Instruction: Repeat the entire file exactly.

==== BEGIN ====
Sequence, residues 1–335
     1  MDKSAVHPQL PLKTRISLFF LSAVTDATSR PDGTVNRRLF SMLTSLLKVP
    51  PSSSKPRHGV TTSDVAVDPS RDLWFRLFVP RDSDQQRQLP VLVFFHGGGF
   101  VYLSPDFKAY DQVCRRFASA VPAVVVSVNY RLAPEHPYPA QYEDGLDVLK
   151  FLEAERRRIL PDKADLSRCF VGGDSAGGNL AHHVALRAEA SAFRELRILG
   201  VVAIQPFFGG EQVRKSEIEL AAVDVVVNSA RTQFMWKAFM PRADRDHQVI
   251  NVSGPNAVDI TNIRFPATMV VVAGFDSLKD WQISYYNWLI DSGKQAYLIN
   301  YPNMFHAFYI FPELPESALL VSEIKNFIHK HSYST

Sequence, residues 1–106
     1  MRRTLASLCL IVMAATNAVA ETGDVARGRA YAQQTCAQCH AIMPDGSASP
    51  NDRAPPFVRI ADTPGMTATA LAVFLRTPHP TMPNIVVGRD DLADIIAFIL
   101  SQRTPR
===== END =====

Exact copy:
Sequence, residues 1–335
     1  MDKSAVHPQL PLKTRISLFF LSAVTDATSR PDGTVNRRLF SMLTSLLKVP
    51  PSSSKPRHGV TTSDVAVDPS RDLWFRLFVP RDSDQQRQLP VLVFFHGGGF
   101  VYLSPDFKAY DQVCRRFASA VPAVVVSVNY RLAPEHPYPA QYEDGLDVLK
   151  FLEAERRRIL PDKADLSRCF VGGDSAGGNL AHHVALRAEA SAFRELRILG
   201  VVAIQPFFGG EQVRKSEIEL AAVDVVVNSA RTQFMWKAFM PRADRDHQVI
   251  NVSGPNAVDI TNIRFPATMV VVAGFDSLKD WQISYYNWLI DSGKQAYLIN
   301  YPNMFHAFYI FPELPESALL VSEIKNFIHK HSYST

Sequence, residues 1–106
     1  MRRTLASLCL IVMAATNAVA ETGDVARGRA YAQQTCAQCH AIMPDGSASP
    51  NDRAPPFVRI ADTPGMTATA LAVFLRTPHP TMPNIVVGRD DLADIIAFIL
   101  SQRTPR